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Monday, 2 December 2002
Page: 6844

Senator BARTLETT (Leader of the Australian Democrats) (3:31 PM) —I move:

That the Senate take note of the answer given by the Minister for Defence (Senator Hill) to a question without notice asked by Senator Bartlett today relating to pre-emptive military action.

Despite the fairly flippant response from the minister and the typical gratuitous gutter-trawling interjections from some of the government senators, this is actually a very important issue. I do not know why the minister did not think it was important, but the Democrats certainly think it is important that five very important countries in our neighbourhood have all taken great offence at the Prime Minister's statement. The minister, as usual, read out a part of the Prime Minister's statement that suited his argument. He did not read out the context of it, the question that it was responding to, nor the further comments from the Prime Minister.

The Prime Minister's comments were specifically linked—particularly his follow-up answer—to a question from Laurie Oakes. He was talking about the SAS being perfectly tailored to make a pre-emptive strike in another country. He was specifically talking about Australian troops being involved in a pre-emptive strike in another country in the context of potential terrorist attacks. Of course, every government has a responsibility to do everything it can to prevent its citizens from being attacked. But when the Prime Minister suggests that part of Australia's repertoire should be the possibility of SAS troops being involved in some pre-emptive military action in another country in our region, it is not surprising that countries in our region would get very perturbed by his statement.

It is astonishing that the government and the minister did not take the opportunity to say, `We did not say that at all.' I would have thought that there is no problem at all and that it would be completely appropriate and responsible for the government and the minister to take the opportunity to clarify that statement by saying to our neighbours, `This was not the intention; this was not what we meant; this has been unclearly interpreted.' I would have thought that was a natural part of appropriate communications. Instead, we just get a continuation of the bluster. We have seen Minister Downer saying, `If people misinterpret the Prime Minister's comments, that's their problem,' and specifically that those countries `have to live with the consequences of their misinterpretation'. The people who will have to live with the consequences are the Australian people who will once again be perceived in a negative light across vast parts of our region. Basically, in his response to the question from the Democrats, the minister is saying, `You are stupid for misunderstanding what the Prime Minister said; he didn't really say it.' That, by extension, is saying to the governments of Thailand, Malaysia, Indonesia and the Philippines: `You're stupid as well; go get a life.'

That is the sort of approach they take to dealing with our neighbours. If we have learned one thing from the tragedy in Bali, surely it is that we need to be more sensitive than ever to how we are perceived in our region and more sensitive than ever to the possibility that we are perceived as an aggressive B-grade cowboy trying to be the US deputy sheriff in the region. We have seen these sorts of diplomatic gaffes before from the Prime Minister and from Minister Downer. Yet, not only do they not learn but, at a time when it is all the more crucial for the security of Australians that this sort of impression is corrected, they increase that perception, refuse to clarify it afterwards and then tell everybody, `If you misunderstand, that's your problem; you can live with it.' We have had the Thai government saying that no country should do anything like that which Mr Howard suggested. The Philippines national security adviser said that Mr Howard's comments were completely unacceptable, that this is the 21st century, not the 19th century. Malaysia's defence minister said that he will not allow foreign intervention in the fight against terrorism, and there was also criticism from Indonesia.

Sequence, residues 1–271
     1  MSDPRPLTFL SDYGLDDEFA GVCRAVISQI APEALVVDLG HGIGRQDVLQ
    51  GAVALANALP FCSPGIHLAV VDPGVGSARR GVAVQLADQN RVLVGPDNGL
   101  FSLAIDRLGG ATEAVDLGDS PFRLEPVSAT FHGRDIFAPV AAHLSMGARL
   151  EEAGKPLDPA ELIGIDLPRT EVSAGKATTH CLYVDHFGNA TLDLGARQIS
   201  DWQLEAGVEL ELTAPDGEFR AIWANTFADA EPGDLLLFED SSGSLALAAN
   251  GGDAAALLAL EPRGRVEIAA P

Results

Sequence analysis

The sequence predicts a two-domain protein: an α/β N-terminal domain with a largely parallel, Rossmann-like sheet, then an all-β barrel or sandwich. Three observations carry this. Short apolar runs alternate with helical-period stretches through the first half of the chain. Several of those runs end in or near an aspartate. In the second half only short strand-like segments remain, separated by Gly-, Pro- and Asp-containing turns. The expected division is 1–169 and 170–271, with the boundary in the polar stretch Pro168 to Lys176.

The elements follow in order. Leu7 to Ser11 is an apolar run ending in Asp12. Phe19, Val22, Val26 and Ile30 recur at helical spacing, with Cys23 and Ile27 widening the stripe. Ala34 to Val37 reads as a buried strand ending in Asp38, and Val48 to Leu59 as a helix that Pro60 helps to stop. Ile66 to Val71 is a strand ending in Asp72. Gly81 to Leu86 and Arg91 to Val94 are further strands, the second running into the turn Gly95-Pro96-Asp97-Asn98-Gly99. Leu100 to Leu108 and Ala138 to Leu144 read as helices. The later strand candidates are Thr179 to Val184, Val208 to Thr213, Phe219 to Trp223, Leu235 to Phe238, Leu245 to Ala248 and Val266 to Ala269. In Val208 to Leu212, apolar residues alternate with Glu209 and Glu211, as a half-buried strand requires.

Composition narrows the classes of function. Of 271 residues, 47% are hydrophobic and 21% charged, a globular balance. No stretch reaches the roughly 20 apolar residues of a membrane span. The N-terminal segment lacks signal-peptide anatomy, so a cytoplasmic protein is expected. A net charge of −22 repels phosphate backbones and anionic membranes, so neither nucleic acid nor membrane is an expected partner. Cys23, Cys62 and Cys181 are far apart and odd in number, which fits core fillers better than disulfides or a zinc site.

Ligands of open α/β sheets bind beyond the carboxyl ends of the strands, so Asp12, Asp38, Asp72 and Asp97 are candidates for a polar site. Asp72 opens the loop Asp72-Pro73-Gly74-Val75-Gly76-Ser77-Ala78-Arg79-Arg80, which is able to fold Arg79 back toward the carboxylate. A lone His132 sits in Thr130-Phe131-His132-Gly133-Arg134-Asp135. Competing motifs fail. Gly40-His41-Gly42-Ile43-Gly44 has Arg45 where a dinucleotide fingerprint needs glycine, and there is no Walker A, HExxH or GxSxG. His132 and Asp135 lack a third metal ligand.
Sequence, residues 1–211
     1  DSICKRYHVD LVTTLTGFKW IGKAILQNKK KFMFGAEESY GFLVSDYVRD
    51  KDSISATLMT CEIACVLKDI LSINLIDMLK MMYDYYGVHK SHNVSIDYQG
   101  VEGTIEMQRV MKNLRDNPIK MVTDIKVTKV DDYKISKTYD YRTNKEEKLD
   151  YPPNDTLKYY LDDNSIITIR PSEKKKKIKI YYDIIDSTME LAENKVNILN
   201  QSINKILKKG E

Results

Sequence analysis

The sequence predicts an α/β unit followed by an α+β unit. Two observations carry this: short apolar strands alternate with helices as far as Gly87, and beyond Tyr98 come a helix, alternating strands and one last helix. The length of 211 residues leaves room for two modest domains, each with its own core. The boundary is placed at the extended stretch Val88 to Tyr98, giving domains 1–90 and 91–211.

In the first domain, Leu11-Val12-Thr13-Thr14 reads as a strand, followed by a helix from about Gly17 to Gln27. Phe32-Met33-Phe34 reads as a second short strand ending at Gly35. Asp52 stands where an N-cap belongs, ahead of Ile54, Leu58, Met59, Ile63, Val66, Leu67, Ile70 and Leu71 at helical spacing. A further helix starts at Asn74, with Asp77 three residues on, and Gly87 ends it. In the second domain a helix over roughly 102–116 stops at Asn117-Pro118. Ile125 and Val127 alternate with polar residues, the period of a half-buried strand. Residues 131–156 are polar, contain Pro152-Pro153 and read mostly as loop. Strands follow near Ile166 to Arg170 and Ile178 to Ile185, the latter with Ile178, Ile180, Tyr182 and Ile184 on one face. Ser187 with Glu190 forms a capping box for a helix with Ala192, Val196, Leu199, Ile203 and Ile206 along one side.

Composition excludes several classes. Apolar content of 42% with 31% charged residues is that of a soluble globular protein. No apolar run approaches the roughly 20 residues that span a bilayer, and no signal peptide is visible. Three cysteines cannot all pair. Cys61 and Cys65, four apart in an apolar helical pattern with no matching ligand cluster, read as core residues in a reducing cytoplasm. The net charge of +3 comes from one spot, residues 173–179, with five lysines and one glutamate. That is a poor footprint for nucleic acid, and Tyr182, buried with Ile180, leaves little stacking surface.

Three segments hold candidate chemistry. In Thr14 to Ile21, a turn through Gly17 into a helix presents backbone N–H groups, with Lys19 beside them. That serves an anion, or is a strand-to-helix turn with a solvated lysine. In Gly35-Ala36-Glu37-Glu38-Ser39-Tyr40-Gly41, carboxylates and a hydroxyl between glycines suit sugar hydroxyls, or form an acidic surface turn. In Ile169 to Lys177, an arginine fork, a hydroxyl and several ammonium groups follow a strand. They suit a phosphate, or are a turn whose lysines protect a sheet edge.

Despite some of the shallow jibes from the government, the Democrats are certainly not suggesting that we should allow our foreign policy to be run by other countries, although the government is quite happy for our foreign policy to be run by the US. But the Democrats do believe that, if you are not going to be sensitive to the perception of other countries in our region, if you are simply going to say to them, `If you misunderstand us, that is your problem,' if you make statements such as the Prime Minister did, which clearly inferred possible involvement of SAS troops in a first strike in circumstances down the track, then you have got to expect this sort of response, and when you get this sort of response you have to at least clarify your comments. The Prime Minister should withdraw the statement and apologise, but at a minimum he should clarify the statement so that Australian people do not have to keep wearing being massively misinterpreted and misunderstood in our region. (Time expired)

Question agreed to.